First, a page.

The Newport Beach Chamber of Commerce held its annual economic forecast breakfast at the Fairmont Hotel on October 21, while Newport Beach & Company (the destination marketing organization for the city of Newport Beach) held its annual marketing outlook dinner at the Newport Beach Marriott Hotel & Spa the following week.
The economic forecast offered cautious optimism from a panel of experts, including Jerry Nickelsburg (UCLA Anderson Forecast), John Brynjolfsson (Chief Investment Officer, Armored Wolf Family Holdings) and Scott Baugh (former California State Assemblyman and Assembly Republican Leader).
Conversely, Newport Beach & Co. President and CEO Gary Sherwin painted a rosy tourism picture at the annual outlook forum.
Economic Forecast Breakfast
“When do we expect the next recession?”
That seemed to be the question of the morning. The answers were unanimous as the panel of experts agreed that there was nothing on the horizon for several years barring any “trade wars or unforeseen circumstances.”
The aftermath of the Great Recession of 2008 still lingers as many keep a watchful eye and recall that economic swings generally run in 10 year cycles.
Newport Beach Chamber of Commerce President and CEO Steve Rosansky commented on the two biggest local revenue generators: automobile sales and real estate transactions.
“As the national and state economy goes, Newport Beach fares better than either one,” he said. “The election is a big unknown. Most are preparing for a Clinton win and are acting accordingly. A Trump win would throw things into uncertainty, and the market does not like uncertainty.”
Our affluent lifestyle does not insulate anyone from economic stress, but so far local auto sales are good, as is the real estate market. Nationwide housing starts are up, but locally we are short on inventory.
And the biggest uncertainty?
“Interest rates,” says Rosansky. “We have our share of cash buyers, but every uptick of interest rates reduces the buyers’ spending power, so they buy a less expensive house. People buy as much as they can, but if they hit that affordability wall, that eventually creates downward pressure.”
Like the recession concern, no one sees any significant interest rate increases for at least two more years.
“A little cooling off might be best for the market. When prices run rampant eventually we hit a wall and create a bubble, “Rosansky concluded.
Scott Baugh focused on the election as he asked “Is this a coin toss or a fait accompli,” meaning, “Are the election results a foregone conclusion or still uncertain?”
He talked about “silent voters,” who are usually not polled and tend to sway last minute based on whim.
Most of the economic number crunching was supplied by Jerry Nickelsburg, Ph.D., an Adjunct Professor of Economics at the Anderson School of Management, UCLA. He provided data on the national and the state economies.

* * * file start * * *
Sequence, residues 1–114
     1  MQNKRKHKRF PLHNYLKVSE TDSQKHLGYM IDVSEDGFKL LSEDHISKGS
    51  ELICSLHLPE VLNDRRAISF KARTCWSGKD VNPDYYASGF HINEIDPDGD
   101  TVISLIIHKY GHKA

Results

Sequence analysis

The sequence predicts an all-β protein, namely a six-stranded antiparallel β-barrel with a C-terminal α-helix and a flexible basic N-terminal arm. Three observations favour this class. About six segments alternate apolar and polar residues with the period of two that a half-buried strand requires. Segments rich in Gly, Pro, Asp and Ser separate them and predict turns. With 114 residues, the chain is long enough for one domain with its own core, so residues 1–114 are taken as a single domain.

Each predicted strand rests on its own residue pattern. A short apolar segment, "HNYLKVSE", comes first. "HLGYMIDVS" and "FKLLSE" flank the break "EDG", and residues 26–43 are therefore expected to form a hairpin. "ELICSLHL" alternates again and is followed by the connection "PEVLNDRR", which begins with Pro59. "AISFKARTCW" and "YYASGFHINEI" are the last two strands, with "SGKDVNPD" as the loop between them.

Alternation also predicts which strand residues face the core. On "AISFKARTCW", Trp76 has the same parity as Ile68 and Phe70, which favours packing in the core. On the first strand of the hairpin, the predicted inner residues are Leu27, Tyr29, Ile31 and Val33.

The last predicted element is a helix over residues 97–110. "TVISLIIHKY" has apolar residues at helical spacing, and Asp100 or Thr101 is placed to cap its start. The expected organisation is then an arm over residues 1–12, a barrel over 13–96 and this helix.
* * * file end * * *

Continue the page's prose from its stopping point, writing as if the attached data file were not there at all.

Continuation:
On a national level, demand for US good are strong. Inflation remains in check as we remain at “the new normal” of about two percent.
One of the more interesting stats: unemployment numbers were lower in California than most of the country. Nickelsburg said that “40 percent of new jobs this year were created in California.”
Orange County played a big part of that throughout all sectors with a 2.5 percent job gain over last year, exceeded by only Silicone Valley at 3.5 percent.
For more information, and to watch a video of the economic forecast, visit NewportBeach.com.
Newport Beach Tourism
Tourism is big business in Newport Beach, so it’s no surprise that Newport Beach and Company’s President and CEO Gary Sherwin projected big results at the marketing outlook forum dinner.
The program began with the annual Rosalind Williams award for Employee of the Year, which went to longtime Island Hotel employee Lisa Carpenter, the concierge supervisor.
The keynote speaker was Peter Yesawich with MMGY Travel, a leading travel marketing company. Calling himself a “travel trend prognosticator,” Yesawich shared compelling data that verifies that Newport Beach has been one of the premier travel destinations over the past year and should maintain that trend.
Among the numbers he shared was the MMGY Travel Horizon Index, which analyzes 2300 households every 90 days and asks how many will be traveling within the next six months.
After the 2008 recession, tourism dropped nationwide and was offset by deep discounting. Finally, after eight years, travel is back to where it was before the bottom fell out. One of the main reasons is that nationwide job security appears to be solid.
More than two thirds (68 percent) of the country plans to vacation travel in the next six months, and over one third of the country will travel for business.
Local benchmarks that were set include 160,862 total rooms booked by set by Newport Beach & Co. for a total of $57.4 million revenue generated, which equates to 77.2 percent occupancy year-round.
Newport Beach had seven million total visitations, with spending of one billion dollars.
Once again a major travel factor are the Millennials and Gen Y demographic.
Millennials travel often, spend more money and travel more last minute than any other sector.
“About 48 percent of Millennials travel within six days of deciding they want to go somewhere,” proclaimed Yesawich. They also use online apps more than any demographic, along with using alternative travel options like AirBNB and Uber.
For more information, visit NewportBeachandCo.com.